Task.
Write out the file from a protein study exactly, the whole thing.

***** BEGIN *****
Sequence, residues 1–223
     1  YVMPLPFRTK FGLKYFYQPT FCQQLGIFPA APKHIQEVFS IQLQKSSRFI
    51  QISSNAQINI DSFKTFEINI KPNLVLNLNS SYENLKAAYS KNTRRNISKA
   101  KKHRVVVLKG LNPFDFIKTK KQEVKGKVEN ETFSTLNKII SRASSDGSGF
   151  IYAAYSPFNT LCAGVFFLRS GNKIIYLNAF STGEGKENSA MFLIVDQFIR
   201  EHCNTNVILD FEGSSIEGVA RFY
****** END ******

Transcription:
Sequence, residues 1–223
     1  YVMPLPFRTK FGLKYFYQPT FCQQLGIFPA APKHIQEVFS IQLQKSSRFI
    51  QISSNAQINI DSFKTFEINI KPNLVLNLNS SYENLKAAYS KNTRRNISKA
   101  KKHRVVVLKG LNPFDFIKTK KQEVKGKVEN ETFSTLNKII SRASSDGSGF
   151  IYAAYSPFNT LCAGVFFLRS GNKIIYLNAF STGEGKENSA MFLIVDQFIR
   201  EHCNTNVILD FEGSSIEGVA RFY